Sky and C4 suffer biggest slumps in young commercial impacts

The number of linear TV ads seen by 16- to 34-year-old viewers has fallen by a fifth compared with a year ago.

'SAS: Who Dares Wins' aired on Channel 4 during the period
'SAS: Who Dares Wins' aired on Channel 4 during the period

Young audiences saw a fifth fewer TV ads in the first two months of this year compared with January and February 2018, with channels sold by Channel 4 and Sky Media showing the biggest declines.

Media agency figures for 1 January to 28 February show Sky Media’s commercial impacts – defined as one member of the target audience watching one ad – among 16- to 34-year-olds dropped by 23% year on year. Sky Media sells ads for third parties, such as Channel 5 owner Viacom, as well as its own channels.

The young audience decline is understood to have put considerable pressure on Sky Media's ability to deliver its group-wide deals with agencies.

On the main Channel 4 channel, 16-34 impacts fell 23%, while on the digital channels it sells, which include E4, UKTV’s portfolio and BT Sport, they slumped 25%.

Media agency calculations suggest 16-34 impacts only declined by 7% year on year on the core ITV channel over the same period, against a market down 21%. On ITV's digital channels, such as ITV2 – the home of Love Island – they declined by 15% in the same period.

"The most interesting thing for me is the performance of both Sky and Channel 4 compared with that of ITV," one senior media trader, who asked not to be named, said. 

"The broad narrative is that Netflix et al are taking a chunk out of TV viewing, and there is some truth in that, but what’s interesting is that they’re clearly taking a bigger chunk out of Sky and Channel 4 than they are out of ITV."

ITV’s push into subscription video-on-demand through a tie-up with the BBC could be motivated by this, the buyer said, as SVOD doesn’t appear to cannibalise its traditional TV performance as much as other broadcasters.

One media agency source suggested Sky’s linear audiences had been hit by the layout of Sky Q – which promotes on-demand content on its home page – and the decision to make the entire series of some shows available on demand at the same time. Some series were more popular than expected and so Sky Media had undersold the on-demand advertising slots around them.

It is understood that Sky's ambition is to extend Sky Q to all homes. Some media agencies are concerned about the impact this will have on Sky's linear viewing in the longer term.

A source close to Sky Media accepted Sky customers’ enthusiasm for bingeing on boxsets had taken them by surprise but dismissed the link to linear audience declines, citing the relatively small number of shows available. Sky Media will be better prepared when other shows are made available as boxsets.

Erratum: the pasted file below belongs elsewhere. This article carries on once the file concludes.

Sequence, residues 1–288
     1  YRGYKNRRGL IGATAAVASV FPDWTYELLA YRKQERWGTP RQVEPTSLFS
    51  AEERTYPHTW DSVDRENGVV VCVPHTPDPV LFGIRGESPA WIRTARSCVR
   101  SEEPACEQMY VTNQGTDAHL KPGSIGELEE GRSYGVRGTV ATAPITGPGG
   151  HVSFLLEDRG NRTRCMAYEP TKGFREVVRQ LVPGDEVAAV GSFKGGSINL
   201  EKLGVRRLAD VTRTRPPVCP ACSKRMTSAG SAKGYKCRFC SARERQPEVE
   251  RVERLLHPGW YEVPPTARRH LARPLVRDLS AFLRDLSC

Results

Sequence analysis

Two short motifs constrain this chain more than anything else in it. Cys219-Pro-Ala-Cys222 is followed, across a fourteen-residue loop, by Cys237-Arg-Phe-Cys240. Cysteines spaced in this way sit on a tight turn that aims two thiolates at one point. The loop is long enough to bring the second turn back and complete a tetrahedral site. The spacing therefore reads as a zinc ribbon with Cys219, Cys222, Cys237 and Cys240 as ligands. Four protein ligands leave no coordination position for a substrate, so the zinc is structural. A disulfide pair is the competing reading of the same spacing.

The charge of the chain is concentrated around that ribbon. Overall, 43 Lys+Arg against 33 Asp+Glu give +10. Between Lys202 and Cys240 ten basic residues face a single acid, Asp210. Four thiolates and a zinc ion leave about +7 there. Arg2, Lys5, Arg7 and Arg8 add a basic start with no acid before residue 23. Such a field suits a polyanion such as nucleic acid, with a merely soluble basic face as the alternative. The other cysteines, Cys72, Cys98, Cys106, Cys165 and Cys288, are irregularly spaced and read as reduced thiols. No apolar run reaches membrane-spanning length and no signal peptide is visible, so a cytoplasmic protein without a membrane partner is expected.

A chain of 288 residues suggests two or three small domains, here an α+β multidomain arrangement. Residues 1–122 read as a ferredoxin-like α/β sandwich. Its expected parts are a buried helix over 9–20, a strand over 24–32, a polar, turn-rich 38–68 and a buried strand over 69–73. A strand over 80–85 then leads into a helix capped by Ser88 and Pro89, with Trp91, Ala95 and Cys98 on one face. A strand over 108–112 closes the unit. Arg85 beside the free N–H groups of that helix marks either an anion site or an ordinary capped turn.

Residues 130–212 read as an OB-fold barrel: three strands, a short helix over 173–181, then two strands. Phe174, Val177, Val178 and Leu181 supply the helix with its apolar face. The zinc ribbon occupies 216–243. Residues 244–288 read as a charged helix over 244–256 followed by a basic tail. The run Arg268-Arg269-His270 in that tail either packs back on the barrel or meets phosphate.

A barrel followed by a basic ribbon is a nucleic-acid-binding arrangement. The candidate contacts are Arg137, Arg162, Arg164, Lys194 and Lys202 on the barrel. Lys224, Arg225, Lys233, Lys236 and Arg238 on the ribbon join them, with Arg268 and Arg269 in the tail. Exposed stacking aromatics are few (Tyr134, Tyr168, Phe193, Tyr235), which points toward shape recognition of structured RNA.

Paul Richards, executive director, Dowgate Capital, said: "If you look at it as a whole, Sky generates its revenue from consumer subscriptions. Advertising is under 7% of revenue but, saying that, it's a high-margin revenue stream. If you look at investment in AdSmart you do see a role for advertising [in Sky's future] but it's all about the customer experience."

Sky Media’s audiences can under-perform in January and February when compared with the rest of the year. One of the reasons is the FA Cup, which is broadcast on the BBC and BT Sport and is scheduled in place of Premier League games. Celebrity Big Brother, which ran on Channel 5 in January 2018, has been cancelled.

Channel 4’s schedule in the first two months of 2019 was weighed towards public service broadcasting versus the same period in 2018, a source closer to the broadcaster said. Sky also changed the positions of Channel 4’s channels in April last year, making them less prominent and affecting the year-on-year comparisons.

Despite this, Channel 4’s share of young audiences in the period 1 January to 12 February is understood to have held relatively flat. More recently, Derry Girls, Leaving Neverland and Celebrity Great British Bake Off have delivered decent overnight audiences (1.8 million, 2.1 million and 3.1 million viewers respectively).

In January Ebiquity predicted the current rate of decline in audiences among 16-34s would spread to older viewers, push up prices and stop TV advertising being cost effective in the next five years. 

The report followed Bank of America Merrill Lynch analysts warning that TV broadcasters were underestimating the declines in audiences and the threat from digital video services, in a note that prompted ITV shares to drop by around 6%.

However, research by commercial marketing body Thinkbox showed that when linear and broadcast video-on-demand are combined, reach among 16-34s was roughly the same in 2017 as it was in 2007. Brands can achieve as cost-effective a reach as 10 years ago by planning across linear TV and broadcast video-on-demand, Thinkbox has demonstrated.